Alex loved the colorful machines — he just didn’t enjoy the loud noises.
“I like them all,” said Alex, a Modesto resident, before quickly re-covering his ears.
He wasn’t the only one trying to protect his hearing. Hundreds of people — many wearing ear plugs — cheered as powerful vehicles were forced to pull weighted sleds as far as they could down the dirt track during the Stanislaus County Fair’s Truck and Tractor Pull.
The West Side was well-represented during the competition. Crows Landing resident Albert Mendes III came away with a first-place finish (213.4 feet) in the 4x4 Local Street Diesel Class and also earned a second-place nod (277.8) in the 4x4 Local 8000 Super Stock Class.
Matt Crow, also of Crows Landing, took seventh place (166.3) in the Tractor 7200 Modified Class.
Linda Thompson of Modesto sat in the grandstand covering her ears as the trucks and tractors blasted past.
“It’s just fascinating to me,” she said as a pickup dubbed “Diggin’ It” did a wheelie on the track. “I love to watch them. It’s like the stock car races.”
A little heat, a lot of dust and loud engines — it’s the stuff a successful truck and tractor pull are made of.
“It’s tradition,” said Henry Stocher, a puller from Valley Springs. “This is a nice venue. A lot of the pullers like that, and they look forward to coming here.”
In pulling, drivers of tractors and trucks take turns to see which can pull a sled loaded with weights farthest.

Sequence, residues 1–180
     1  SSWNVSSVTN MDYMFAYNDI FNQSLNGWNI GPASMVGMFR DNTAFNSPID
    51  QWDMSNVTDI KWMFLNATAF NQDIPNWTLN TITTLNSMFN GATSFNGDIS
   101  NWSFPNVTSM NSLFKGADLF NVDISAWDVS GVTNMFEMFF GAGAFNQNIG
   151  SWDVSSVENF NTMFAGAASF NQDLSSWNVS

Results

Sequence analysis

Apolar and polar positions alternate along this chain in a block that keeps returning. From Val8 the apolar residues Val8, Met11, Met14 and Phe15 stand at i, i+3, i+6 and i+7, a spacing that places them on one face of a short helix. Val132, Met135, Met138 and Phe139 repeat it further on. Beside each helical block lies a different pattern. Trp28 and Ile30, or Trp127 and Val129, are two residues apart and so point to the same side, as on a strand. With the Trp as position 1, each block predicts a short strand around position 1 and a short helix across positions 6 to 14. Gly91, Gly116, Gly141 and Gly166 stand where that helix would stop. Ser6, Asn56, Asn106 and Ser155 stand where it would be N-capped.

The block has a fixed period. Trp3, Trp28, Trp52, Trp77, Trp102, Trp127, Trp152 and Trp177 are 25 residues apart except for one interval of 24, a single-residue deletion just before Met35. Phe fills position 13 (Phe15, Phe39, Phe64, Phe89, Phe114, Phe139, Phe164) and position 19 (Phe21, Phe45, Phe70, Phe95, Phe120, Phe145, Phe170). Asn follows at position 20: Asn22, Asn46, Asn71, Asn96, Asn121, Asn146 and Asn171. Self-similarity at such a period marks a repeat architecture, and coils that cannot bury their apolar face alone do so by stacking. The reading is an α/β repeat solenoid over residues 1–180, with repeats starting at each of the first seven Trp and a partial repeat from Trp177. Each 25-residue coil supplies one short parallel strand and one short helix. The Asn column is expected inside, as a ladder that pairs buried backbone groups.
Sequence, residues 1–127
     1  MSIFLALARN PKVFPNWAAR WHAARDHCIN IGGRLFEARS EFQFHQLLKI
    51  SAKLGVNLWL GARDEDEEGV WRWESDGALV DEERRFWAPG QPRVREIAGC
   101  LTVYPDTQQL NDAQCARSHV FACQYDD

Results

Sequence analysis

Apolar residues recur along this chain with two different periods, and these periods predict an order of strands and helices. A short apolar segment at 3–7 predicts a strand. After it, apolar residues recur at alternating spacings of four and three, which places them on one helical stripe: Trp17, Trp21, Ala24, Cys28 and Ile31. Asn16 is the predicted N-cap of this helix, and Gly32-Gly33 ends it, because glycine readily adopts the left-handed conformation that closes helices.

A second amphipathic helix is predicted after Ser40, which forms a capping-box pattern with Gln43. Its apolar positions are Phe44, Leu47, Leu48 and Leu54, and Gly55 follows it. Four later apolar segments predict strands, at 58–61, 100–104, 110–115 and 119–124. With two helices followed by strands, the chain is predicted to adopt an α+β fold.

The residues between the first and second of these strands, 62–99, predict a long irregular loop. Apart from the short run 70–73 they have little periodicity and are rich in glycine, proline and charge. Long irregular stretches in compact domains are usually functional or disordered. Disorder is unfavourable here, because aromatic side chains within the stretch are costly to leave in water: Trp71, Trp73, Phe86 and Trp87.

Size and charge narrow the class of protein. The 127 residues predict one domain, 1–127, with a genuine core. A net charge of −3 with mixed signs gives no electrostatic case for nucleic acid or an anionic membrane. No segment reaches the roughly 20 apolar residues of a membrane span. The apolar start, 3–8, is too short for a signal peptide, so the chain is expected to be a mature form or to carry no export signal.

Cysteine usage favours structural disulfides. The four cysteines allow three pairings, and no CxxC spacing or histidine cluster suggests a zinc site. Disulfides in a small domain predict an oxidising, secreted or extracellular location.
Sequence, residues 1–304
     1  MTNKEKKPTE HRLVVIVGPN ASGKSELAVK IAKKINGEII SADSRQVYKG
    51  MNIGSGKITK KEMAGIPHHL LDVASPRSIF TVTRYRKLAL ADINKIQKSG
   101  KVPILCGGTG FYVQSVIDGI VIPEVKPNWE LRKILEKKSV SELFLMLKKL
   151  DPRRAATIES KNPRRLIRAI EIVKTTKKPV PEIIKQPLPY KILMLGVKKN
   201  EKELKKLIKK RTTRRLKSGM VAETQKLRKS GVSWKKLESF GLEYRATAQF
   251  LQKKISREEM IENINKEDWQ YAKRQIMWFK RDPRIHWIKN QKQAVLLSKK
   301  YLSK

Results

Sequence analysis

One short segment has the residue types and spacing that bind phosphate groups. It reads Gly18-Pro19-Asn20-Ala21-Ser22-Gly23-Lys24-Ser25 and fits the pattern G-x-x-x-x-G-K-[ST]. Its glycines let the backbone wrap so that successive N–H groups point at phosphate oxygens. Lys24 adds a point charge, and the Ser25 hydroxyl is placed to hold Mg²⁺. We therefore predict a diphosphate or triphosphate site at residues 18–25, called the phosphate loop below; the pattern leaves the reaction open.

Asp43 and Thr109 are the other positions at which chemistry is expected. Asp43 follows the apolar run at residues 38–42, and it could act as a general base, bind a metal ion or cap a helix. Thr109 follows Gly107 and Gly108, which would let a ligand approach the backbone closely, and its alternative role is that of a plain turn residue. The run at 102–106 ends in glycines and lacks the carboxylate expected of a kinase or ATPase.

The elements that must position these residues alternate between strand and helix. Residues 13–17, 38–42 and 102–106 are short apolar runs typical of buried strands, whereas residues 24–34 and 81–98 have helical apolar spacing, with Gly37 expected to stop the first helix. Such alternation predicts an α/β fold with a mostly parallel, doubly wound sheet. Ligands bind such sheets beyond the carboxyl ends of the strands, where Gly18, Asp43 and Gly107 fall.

The weight on the attached sled shifts forward as they go, increasing the resistance on the vehicle by simulating a pull of tens of thousands of pounds. A full pull was 300 feet.
“It’s just the power of the trucks, the power of the tractors, just their impressive pull,” said Felipe Sanchez of Hilmar as he and his two young sons cheered on the multicolored vehicles that rumbled with locomotive-like force through the dirt.
Some competitors stopped at 75 feet, and some reached nearly 300 feet. Either way, the lively crowd applauded each driver.
“It’s exciting, and when you have boys, you have to do boy things,” Sanchez said.
Nearly 100 tractors and trucks competed, as clouds of black smoke shot up in the air, and dirt trailed behind vehicles as drivers sped down the course.
“The competition is always stiff,” said Mike Davis of La Grange. “There are a lot of guys out here that have been pulling a long time, and they’ve got it mastered.”
Pulling is more than a game of engine-building and raw horsepower. A driver has to know how to read a track and make adjustments in torque, air pressure and other variables.
What the trucks and tractors lack in speed compared with drag races, they more than make up for in noise, smoke and flying dirt.
“More than anything, this is a friendly competition,” Davis said. “We’re pretty open about what we’ve got. We’ve got a super group of guys that are willing to help each other out.”
The pulling classes vary from stock four-wheel-drive trucks to modified multiengine tractors. Some classes cater to smaller vehicles and races, while the others showcase bigger vehicles, some of which may be outfitted with three engines.
For nearly three hours, a succession of tractors and pickups shot down the dirt course. Many vehicles slewed ominously to one side before straightening themselves and gaining grip; some became stuck barely halfway down the path; and a few burned out their engines and had to be towed back to the pit.
“The drive of trying to one-up each other and trying to outdo your buddies keeps us coming back,” Stocher said. “This is a real family-oriented event, and we just like to come out and have a good time.”